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  • Women in the migrant economy. A positional approach to contextualize gendered transnational trajectories

    Villares-Varela, Maria   Essers, Caroline  

    Drawing on the life histories of migrant women entrepreneurs in the Netherlands and Spain, this article explores the influence of transnational trajectories on their social positions and business strategies. A translocational positional approach enables us to research the transnational strategies of women entrepreneurs more effectively in addition to examining the changes in social positions and gendered identities between the country of origin and the country of destination. This approach contributes to scholarship on context' by offering a transnational gendered dimension in relation to the effects of social, spatial and institutional factors. Our findings demonstrate how female migrant entrepreneurs redefine their social status in different contexts by establishing a business and challenge, contest or comply with gender relations in their transnational entrepreneurial journeys.
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  • The Role of Migration Policies in the Attraction and Retention of International Talent:The Case of Indian Researchers

    Toma, Sorana   Villares-Varela, Maria  

    Governments are increasingly implementing policies aimed at attracting or retaining highly skilled migrants. While a growing number of studies examine the effectiveness of these efforts, the actual mechanisms through which migration policies may operate have not been questioned. Drawing on an aspirations-capability framework for mobility, this article explores the role of migration policies in the geographic mobility decisions of researchers, a highly skilled group that has been specifically targeted by such policies. Focusing on Indian researchers and using qualitative methodology (N =3D 40), we examine their decisions to study and/or work abroad, to stay or move elsewhere. The article shows that while migration policies do not seem to be influential in the attraction of students and researchers, they do play a role in the retention and subsequent moves of international talent.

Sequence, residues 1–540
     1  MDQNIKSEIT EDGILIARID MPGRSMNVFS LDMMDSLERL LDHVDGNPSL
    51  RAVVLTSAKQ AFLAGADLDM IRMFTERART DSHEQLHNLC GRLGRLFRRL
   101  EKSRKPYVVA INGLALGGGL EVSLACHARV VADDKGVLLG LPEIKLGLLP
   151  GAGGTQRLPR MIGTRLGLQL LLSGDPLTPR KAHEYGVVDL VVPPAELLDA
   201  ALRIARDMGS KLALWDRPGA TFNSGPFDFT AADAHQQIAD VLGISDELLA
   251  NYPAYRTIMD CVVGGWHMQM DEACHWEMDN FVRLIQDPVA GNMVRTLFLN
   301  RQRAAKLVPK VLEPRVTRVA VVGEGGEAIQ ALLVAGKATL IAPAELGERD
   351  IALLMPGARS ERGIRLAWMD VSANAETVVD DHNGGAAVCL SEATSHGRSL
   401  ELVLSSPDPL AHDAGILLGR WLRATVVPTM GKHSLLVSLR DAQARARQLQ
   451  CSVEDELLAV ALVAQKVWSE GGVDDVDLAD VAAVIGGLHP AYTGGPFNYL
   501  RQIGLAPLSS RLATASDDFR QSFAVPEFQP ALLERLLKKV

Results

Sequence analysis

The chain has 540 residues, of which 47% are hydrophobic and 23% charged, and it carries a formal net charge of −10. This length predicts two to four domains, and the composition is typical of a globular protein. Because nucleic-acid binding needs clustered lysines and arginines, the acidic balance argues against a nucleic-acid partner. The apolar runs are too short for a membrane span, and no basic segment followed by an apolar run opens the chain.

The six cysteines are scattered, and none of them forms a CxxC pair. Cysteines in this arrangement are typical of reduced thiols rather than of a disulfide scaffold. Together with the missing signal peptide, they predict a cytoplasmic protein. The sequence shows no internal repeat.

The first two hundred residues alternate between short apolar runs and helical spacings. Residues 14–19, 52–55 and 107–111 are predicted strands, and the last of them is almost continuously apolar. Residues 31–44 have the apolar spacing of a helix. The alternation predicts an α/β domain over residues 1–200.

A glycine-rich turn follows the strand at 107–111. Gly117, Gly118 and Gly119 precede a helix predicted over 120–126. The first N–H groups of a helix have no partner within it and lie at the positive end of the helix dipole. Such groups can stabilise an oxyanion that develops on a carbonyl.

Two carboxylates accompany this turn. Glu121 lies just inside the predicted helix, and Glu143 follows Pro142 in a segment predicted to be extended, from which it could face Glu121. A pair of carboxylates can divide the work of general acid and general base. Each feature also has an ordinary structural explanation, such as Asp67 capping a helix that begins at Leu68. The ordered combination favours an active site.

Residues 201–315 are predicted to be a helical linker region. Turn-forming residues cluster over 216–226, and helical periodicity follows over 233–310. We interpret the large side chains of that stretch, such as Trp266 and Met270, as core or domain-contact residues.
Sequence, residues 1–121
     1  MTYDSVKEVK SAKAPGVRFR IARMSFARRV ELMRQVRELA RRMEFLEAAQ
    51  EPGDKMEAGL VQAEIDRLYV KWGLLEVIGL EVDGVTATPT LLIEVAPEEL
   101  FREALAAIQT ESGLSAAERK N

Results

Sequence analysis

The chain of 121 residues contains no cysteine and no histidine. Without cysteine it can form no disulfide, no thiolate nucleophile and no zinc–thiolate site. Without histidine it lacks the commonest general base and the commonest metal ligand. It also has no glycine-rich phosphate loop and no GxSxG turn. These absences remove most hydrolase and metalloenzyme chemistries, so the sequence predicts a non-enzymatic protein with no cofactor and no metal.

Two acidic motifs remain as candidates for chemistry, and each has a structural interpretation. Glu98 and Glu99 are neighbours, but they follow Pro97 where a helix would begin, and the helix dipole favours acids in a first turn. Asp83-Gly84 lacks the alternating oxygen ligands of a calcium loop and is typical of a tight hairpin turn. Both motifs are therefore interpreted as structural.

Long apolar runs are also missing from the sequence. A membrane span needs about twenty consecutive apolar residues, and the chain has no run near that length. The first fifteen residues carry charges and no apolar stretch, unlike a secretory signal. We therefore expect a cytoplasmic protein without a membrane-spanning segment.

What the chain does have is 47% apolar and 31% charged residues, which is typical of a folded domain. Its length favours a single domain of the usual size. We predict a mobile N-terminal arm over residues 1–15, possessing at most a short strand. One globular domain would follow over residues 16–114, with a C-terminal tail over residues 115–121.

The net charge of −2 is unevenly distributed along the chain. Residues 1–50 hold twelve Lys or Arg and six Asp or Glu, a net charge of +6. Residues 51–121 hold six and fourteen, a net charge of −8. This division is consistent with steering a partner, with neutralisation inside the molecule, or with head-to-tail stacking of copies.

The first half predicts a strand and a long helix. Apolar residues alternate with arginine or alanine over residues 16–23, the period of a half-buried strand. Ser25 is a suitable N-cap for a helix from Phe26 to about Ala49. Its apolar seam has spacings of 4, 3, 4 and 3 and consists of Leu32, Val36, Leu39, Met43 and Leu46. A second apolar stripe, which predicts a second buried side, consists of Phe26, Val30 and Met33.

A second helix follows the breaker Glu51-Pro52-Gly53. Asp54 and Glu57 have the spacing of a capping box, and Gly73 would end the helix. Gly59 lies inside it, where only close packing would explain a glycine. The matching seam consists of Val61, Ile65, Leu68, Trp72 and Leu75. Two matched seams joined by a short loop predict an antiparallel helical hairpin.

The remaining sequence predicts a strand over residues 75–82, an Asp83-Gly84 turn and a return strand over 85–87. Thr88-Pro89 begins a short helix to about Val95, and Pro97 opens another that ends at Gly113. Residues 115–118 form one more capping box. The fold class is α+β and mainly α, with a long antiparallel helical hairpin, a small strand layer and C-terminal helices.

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  • International Migration: Trends, Determinants, and Policy Effects

    de Haas, Hein   Czaika, Mathias   Flahaux, Marie-Laurence   Mahendra, Edo   Natter, Katharina   Vezzoli, Simona   Villares-Varela, Maria  

    This paper synthesizes insights from new global data on the effectiveness of migration policies. It investigates the complex links between migration policies and migration trends to disentangle policy effects from structural migration determinants. The analysis challenges two central assumptions underpinning the popular idea that migration restrictions have failed to curb migration. First, post-WWII global migration levels have not accelerated, but remained relatively stable while most shifts in migration patterns have been directional. Second, post-WWII migration policies have generally liberalized despite political rhetoric suggesting the contrary. While migration policies are generally effective, "substitution effects" can limit their effectiveness, or even make them counterproductive, by geographically diverting migration, interrupting circulation, encouraging unauthorized migration, or prompting "now or never" migration surges. These effects expose fundamental policy dilemmas and highlight the importance of understanding the economic, social, and political trends that shape migration in sometimes counterintuitive, but powerful, ways that largely lie beyond the reach of migration policies.